We are seeing the power of community through so many acts of loving kindness. A number of our friends in the brewing community jumped at the opportunity to help by offering their beer for us to distill and make into hand sanitizer. Metropolitan Brewing Company, Urban Renewal, Temperance Beer, Great Central Brewing, Oak Park Brewing, Kinslahger, Midwest Coast, Goose Island, and [others] are making it possible for us to produce more donated sanitizer. We have also experienced the help of so many other organizations, including chemical companies reaching out to get us denaturing materials, as well as a local video editing studio Utopic who made a commercial to help us raise more to support those on the front lines. Companies and foundations, such as Edelson PC and Chicago Beyond, have also sponsored hand sanitizer for community organizations in need. We have also had a near fleet of volunteers helping us with logistics, including Medspeed, Choose Chicago, ERC Midwest, and Kone Elevator Company. We are humbled by the outpouring of lets-get-it-done support from the community. Together we are making it happen.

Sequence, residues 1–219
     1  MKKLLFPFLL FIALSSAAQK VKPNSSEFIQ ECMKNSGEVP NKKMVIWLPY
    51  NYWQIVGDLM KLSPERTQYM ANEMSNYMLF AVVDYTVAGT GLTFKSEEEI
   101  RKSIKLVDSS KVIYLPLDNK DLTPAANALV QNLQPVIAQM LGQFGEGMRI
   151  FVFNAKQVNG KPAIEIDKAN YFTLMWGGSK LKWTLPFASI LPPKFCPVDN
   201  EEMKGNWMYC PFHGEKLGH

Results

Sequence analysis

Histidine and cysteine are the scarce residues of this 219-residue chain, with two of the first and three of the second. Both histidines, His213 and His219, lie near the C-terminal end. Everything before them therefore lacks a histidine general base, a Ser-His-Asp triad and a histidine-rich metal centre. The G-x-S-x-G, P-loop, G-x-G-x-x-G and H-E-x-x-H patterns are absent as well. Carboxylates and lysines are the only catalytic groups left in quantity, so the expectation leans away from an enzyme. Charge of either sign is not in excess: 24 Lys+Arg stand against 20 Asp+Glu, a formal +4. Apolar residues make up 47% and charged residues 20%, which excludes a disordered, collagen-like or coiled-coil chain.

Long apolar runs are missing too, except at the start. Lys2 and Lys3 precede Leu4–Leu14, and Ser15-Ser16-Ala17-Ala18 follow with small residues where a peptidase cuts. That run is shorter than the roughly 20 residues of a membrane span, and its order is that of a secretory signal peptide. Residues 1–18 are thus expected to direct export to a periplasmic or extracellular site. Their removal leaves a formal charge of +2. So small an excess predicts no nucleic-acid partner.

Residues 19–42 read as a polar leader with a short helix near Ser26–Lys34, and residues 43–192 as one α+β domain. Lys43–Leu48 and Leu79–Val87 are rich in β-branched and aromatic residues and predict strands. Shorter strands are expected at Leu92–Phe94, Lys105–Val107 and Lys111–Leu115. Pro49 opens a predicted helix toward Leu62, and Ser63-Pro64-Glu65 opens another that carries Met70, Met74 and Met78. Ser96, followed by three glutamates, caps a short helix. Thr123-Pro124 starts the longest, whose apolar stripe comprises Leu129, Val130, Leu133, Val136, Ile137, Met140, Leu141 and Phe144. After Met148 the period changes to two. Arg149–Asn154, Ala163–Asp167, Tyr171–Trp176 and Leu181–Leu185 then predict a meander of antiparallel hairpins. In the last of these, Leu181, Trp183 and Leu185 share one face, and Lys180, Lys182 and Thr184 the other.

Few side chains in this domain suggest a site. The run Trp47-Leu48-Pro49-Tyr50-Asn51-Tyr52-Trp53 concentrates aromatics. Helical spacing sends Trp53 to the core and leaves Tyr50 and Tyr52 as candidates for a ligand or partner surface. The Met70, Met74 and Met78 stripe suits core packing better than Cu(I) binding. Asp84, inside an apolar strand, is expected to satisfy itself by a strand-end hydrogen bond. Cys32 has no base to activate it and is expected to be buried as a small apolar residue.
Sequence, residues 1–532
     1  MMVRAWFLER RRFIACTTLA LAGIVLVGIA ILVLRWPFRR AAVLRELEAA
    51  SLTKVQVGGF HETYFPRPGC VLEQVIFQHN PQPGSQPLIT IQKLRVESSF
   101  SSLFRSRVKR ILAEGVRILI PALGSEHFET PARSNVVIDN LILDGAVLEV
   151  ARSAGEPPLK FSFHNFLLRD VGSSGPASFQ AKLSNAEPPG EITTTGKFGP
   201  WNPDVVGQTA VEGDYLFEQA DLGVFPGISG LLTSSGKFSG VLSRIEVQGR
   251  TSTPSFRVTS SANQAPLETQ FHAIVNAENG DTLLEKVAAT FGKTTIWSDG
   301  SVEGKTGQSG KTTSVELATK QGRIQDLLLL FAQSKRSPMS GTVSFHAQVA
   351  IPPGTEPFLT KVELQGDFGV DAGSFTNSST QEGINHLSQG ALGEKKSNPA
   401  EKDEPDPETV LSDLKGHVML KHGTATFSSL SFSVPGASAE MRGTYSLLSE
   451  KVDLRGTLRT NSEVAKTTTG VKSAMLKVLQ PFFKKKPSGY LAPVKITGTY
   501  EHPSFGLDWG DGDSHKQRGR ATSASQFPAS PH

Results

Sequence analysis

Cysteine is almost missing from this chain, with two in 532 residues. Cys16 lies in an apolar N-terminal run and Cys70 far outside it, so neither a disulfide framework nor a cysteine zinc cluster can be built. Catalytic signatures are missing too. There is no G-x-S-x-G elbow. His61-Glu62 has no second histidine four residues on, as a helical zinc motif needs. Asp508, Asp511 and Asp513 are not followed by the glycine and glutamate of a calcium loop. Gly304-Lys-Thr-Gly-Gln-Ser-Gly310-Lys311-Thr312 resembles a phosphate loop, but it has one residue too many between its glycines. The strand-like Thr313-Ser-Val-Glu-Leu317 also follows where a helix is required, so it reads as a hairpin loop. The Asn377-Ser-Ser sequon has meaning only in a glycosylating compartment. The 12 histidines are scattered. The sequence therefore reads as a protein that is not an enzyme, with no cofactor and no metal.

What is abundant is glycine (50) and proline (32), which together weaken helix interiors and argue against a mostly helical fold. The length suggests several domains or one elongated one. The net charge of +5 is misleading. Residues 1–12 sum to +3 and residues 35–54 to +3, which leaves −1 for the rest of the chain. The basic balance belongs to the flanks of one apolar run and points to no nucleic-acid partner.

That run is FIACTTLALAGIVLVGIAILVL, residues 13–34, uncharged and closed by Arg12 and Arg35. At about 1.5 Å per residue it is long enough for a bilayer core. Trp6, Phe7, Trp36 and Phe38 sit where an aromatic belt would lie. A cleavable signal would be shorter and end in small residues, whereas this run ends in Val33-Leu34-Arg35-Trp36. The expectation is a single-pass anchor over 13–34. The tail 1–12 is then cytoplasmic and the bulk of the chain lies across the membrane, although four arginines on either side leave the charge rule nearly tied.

You have turned this uncertain time into an empowering and rewarding one. What moments make it all worth it?
Being able to make something that serves as a weapon against this scourge is unbelievably rewarding. Bringing a sense of relief and protection to people during these difficult times is truly humbling.
What are you most excited about going forward?
A time when people can congregate again. There are so many amazing people we have met during this sanitizer experience that we would love to thank in person and hug!
What’s your advice to people trying to stay sane during the Coronavirus crisis?